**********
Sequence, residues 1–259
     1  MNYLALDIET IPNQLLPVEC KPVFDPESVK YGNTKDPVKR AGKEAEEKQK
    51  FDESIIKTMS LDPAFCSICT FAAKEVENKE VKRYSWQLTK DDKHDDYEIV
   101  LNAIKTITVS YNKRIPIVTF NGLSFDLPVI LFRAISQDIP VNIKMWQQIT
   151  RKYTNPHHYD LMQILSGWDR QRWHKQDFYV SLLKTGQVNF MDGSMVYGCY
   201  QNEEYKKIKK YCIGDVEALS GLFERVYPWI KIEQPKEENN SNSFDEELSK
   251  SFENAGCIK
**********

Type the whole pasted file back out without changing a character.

Sequence, residues 1–259
     1  MNYLALDIET IPNQLLPVEC KPVFDPESVK YGNTKDPVKR AGKEAEEKQK
    51  FDESIIKTMS LDPAFCSICT FAAKEVENKE VKRYSWQLTK DDKHDDYEIV
   101  LNAIKTITVS YNKRIPIVTF NGLSFDLPVI LFRAISQDIP VNIKMWQQIT
   151  RKYTNPHHYD LMQILSGWDR QRWHKQDFYV SLLKTGQVNF MDGSMVYGCY
   201  QNEEYKKIKK YCIGDVEALS GLFERVYPWI KIEQPKEENN SNSFDEELSK
   251  SFENAGCIK